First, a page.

So Many Books, So Little Time: A Yom Kippur Minhag
It's not as though I don't have any unread books on my bookshelf. In fact, sometimes it feels as though most of them are unread and there's just no time to pluck one from the shelf, curl up and get lost in its pages. Among my recent acquisitions still waiting for the binding to be broken and the pages to be devoured are Rabbi Jill Jacobs' There Shall Be No Needy: Pursuing Social Justice through Jewish Law and Tradition, Stiff: The Curious Lives of Human Cadavers by Mary Roach, The Woman with a Worm in her Head and Other True Stories of Infectious Disease by Pamela Nagami (yes, I'm the daughter of a parasitologist) and Simon Baatz' For the Thrill of It: Leopold, Loeb, and the Murder That Shocked Jazz Age Chicago.
My father recently finished the Baatz book and has now passed it along to me, highly recommended. You may recall that I first mentioned this particular book in a blog post I wrote last year at about this time. That was shortly after he and I - as we do each year - spent a bit of time on Yom Kippur afternoon browsing in the Barnes and Noble near my parents' congregation.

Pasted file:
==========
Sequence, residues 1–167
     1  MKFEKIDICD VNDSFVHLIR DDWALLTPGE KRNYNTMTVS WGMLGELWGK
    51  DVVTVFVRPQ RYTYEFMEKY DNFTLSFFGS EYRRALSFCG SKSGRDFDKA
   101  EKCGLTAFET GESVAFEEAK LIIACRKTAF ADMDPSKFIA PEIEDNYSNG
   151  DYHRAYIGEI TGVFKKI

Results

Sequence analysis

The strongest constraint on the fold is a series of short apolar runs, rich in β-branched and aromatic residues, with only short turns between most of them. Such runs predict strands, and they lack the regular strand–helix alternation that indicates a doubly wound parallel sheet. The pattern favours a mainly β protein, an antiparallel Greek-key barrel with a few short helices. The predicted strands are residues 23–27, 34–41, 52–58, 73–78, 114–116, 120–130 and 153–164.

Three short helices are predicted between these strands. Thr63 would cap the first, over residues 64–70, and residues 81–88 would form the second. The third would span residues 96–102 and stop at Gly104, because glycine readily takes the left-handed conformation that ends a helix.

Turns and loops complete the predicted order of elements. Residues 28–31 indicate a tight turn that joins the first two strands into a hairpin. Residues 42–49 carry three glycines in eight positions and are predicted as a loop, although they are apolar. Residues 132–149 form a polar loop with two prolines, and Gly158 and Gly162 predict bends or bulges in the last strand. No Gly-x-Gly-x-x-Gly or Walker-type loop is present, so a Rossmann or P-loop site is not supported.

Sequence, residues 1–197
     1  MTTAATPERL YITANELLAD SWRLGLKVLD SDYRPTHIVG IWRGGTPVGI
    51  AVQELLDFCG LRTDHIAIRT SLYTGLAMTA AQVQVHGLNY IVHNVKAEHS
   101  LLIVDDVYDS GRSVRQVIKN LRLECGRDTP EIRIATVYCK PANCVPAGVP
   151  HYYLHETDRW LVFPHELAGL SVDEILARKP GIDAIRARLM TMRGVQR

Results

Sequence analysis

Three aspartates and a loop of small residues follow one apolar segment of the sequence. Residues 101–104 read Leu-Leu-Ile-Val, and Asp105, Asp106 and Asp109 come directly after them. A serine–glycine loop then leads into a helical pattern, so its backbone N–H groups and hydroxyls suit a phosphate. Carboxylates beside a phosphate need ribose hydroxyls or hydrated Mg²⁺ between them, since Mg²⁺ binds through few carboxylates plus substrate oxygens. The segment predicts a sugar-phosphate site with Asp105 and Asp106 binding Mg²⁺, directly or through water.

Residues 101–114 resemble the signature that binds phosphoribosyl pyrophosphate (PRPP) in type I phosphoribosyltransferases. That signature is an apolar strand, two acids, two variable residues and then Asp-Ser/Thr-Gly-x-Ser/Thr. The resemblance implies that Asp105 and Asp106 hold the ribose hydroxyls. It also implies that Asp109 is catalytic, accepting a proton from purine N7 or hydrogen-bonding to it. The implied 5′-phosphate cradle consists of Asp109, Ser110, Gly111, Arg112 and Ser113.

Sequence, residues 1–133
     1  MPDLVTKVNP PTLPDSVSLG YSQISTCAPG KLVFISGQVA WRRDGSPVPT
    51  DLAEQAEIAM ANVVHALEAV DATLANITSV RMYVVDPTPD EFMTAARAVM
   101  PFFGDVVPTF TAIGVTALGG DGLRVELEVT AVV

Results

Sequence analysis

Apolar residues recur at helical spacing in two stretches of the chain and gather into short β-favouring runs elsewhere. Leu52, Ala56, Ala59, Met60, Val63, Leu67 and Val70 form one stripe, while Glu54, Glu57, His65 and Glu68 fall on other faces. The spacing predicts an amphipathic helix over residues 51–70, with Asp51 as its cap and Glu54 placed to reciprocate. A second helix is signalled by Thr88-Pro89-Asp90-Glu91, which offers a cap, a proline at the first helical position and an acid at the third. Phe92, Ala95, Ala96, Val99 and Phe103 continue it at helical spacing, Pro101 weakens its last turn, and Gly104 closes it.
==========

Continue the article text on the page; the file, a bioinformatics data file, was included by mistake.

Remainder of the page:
This year, as we walked and talked among the books, we thumbed through Rosemary Mahoney's Down the Nile: Alone in a Fisherman's Skiff, Norman Podhoretz' Why Are Jews Liberals, a few of Paul Thoreaux's travelogues, some of the novels in Emile Zola's Rougon-Macquart cycle (yes, I'm still working my way through Germinal) and finally Michael B. Oren's Power, Faith, and Fantasy: America in the Middle East: 1776 to the Present.
That last book caught both our eyes - my father's because he'd been at the 2008 luncheon at which the book won the New Jersey Council of the Humanities Book Award and mine because Michael Oren is the current Ambassador of Israel to the United States and is to be a guest at the Union's upcoming Biennial convention in Toronto next month. He's also a noted scholar, historian and writer, and perusing the first few pages of the book convinced me that I want to read more. My father agreed that he, too, wants to read it and so it was that before we headed back to temple for the afternoon service, he bought a copy for us to share.
So now there's yet another unread book on my shelves, but this one is different. If I'm lucky, I'll have an opportunity to have it inscribed to us at Biennial and, once I'm home, time enough to read it.